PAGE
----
Andy Reid and Patrick Mahomes on the Sideline

The Kansas City Chiefs’ Need for Speed (Option)

  • 2020
  • anthony Sherman
  • Chiefs
  • devin white
  • Jordan Whitehead
  • Kansas City Chiefs
  • Le'Veon Bell
  • NFL
  • Patrick Mahomes
  • Travis Kelce
By Mitchell Wolfe December 10, 2020 2 Comment
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In recent weeks, the Kansas City Chiefs have resurrected the speed option, one of football’s ancient concepts. As expected, the Chiefs are chugging along this season, boasting an 11-1 record. They clinched the first playoff spot in the AFC after defeating the Denver Broncos last Sunday night, and now lead the AFC after the Pittsburgh Steelers’ loss to the Buffalo Bills. The Chiefs receive significant acclaim for their explosive and diverse offense, most recently for incorporating quarterback motion.

However, the Chiefs have also resurrected some concepts from days of football yore, including the speed option. The run-pass option (RPO) is all the rage in today’s NFL, but the Chiefs incorporated the speed option into their offense as far back as 2017 when Alex Smith and Kareem Hunt lined up in the backfield. Patrick Mahomes even scored a rushing touchdown from the speed option in Super Bowl 54.

Diagramming the Speed Option

The speed option is a play when the QB receives the snap and runs outside, with an RB trailing him. At some point, the QB will encounter the ‘read’ defender and must choose to keep or pitch the ball. If the defender sits, the QB should pitch the ball back to the RB. But if the defender runs outside, the QB should cut upfield past him. Offenses can run the speed option from almost any formation or alignment, but the basic idea of the play can be seen in the picture below:

Speed Option Diagram

In this case, the Sam linebacker (S with the circle around it) is the read defender. The idea of the speed option is to remove a defender from the play and even the count of players on both sides of the ball. In most running plays, the defense has the advantage immediately because the QB is out of the play. This leaves the offense with nine blockers and one ballcarrier, while the defense has eleven players trying to make the tackle. However, with the option, the QB himself is a threat. By attacking one specific defender, if the offense executes it correctly, the read defender is eliminated from the play. Now we’ll look at a few examples and discuss why they succeeded.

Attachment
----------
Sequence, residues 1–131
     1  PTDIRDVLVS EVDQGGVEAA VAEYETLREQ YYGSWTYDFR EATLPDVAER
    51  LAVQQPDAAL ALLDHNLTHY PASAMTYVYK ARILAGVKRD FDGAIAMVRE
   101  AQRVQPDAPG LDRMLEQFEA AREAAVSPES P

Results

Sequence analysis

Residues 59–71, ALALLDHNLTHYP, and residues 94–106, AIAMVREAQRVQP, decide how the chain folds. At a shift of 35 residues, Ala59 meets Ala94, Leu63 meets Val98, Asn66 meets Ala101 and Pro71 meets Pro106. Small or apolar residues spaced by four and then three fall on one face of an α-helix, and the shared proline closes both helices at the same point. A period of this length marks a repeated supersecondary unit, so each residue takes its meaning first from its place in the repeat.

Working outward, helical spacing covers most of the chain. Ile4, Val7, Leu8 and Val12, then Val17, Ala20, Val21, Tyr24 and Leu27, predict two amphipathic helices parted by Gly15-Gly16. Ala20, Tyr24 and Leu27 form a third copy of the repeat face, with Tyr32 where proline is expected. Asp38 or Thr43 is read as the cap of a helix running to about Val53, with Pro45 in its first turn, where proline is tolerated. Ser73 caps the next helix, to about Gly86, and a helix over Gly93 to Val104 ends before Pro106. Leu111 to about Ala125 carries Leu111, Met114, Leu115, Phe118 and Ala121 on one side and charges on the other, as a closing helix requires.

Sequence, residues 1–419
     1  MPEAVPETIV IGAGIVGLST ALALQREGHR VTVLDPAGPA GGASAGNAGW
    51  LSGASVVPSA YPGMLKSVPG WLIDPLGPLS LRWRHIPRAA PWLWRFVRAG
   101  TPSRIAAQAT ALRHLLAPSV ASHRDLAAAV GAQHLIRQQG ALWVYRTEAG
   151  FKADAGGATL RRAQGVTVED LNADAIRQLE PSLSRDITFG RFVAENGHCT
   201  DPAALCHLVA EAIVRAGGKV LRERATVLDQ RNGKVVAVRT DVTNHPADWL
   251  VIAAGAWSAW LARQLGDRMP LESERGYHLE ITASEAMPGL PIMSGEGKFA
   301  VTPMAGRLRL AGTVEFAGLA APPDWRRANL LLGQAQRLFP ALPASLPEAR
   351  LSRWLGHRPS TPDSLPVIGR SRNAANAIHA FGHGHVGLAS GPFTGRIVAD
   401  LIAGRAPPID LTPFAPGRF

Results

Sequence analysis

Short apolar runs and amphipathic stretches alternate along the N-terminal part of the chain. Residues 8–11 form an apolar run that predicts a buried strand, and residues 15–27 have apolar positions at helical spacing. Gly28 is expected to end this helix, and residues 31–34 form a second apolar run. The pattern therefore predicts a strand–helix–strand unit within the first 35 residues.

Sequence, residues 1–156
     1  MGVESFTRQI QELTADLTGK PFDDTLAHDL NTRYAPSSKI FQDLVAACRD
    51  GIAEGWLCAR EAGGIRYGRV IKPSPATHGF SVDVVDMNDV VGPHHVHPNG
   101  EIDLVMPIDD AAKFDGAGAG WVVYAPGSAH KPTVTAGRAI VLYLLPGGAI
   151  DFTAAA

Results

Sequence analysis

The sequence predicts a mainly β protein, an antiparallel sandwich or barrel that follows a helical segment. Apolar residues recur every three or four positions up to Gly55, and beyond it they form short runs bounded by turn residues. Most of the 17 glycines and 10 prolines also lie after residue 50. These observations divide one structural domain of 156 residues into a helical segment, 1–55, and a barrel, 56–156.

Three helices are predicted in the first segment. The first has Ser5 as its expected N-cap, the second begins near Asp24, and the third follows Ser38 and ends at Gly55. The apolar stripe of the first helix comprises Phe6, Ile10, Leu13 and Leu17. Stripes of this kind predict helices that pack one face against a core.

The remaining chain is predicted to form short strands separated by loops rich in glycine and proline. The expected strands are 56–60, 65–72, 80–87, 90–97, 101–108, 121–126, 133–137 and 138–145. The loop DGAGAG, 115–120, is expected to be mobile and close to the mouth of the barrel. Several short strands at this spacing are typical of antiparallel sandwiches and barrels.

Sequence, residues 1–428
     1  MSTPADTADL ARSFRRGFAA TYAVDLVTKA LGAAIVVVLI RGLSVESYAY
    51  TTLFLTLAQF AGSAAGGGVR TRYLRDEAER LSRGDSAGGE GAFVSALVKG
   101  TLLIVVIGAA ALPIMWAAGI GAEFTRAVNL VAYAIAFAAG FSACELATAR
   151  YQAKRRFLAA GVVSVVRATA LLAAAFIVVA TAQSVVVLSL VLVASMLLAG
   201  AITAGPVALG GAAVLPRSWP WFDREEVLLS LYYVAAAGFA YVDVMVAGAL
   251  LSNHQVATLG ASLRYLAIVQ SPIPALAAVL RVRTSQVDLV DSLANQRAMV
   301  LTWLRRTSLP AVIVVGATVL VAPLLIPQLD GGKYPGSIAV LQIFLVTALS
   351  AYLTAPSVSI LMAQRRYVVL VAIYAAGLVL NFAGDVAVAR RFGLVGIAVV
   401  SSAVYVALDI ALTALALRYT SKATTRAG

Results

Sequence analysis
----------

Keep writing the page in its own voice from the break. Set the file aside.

Play 1: Kansas City Chiefs @ Tampa Bay Buccaneers, 10 – 0, Q1 5:22, 1st & 10 KCC 10

In the picture below, the Chiefs come out in 21 personnel (2 running backs, 1 tight end). FB Anthony Sherman aligned on the line of scrimmage as a TE. Mahomes sets up in the Pistol with Le’Veon Bell behind him, two WRs stacked left to the field (more open side of the field) and Sherman and Kelce attached on the right to the boundary (short side of the field).

Chiefs Speed Option 1

Traditionally, offenses run speed options to the field side. This gives the QB more room to stretch the play out, especially in college football when the hash marks are much wider apart. However, in this example, the Chiefs run it to the boundary.

In the play, we see the two guards take on the two interior defensive linemen, allowing their opponents to over pursue into the backfield and take themselves out of the play. Sherman blocks down, washing #92 into the backfield, while the C and the RT climb to the second level to take out the LBs. Kelce gets upfield to block the CB, leaving Anthony Nelson (#98) as the read defender.

Mahomes takes a fake step left after the snap before running right. He keeps his eyes on Nelson and once Nelson steps towards him, Mahomes looks right and pitches back to Bell. Bell has no one around him and charges upfield. Giving credit to the defense, LB Devin White (#45) makes the RT miss on the second level and gets outside. Additionally, SS Jordan Whitehead (#33) diagnoses the play and takes a very good angle to force Bell towards the sideline. But Bell still gains eight, setting up a very manageable 2nd and 2.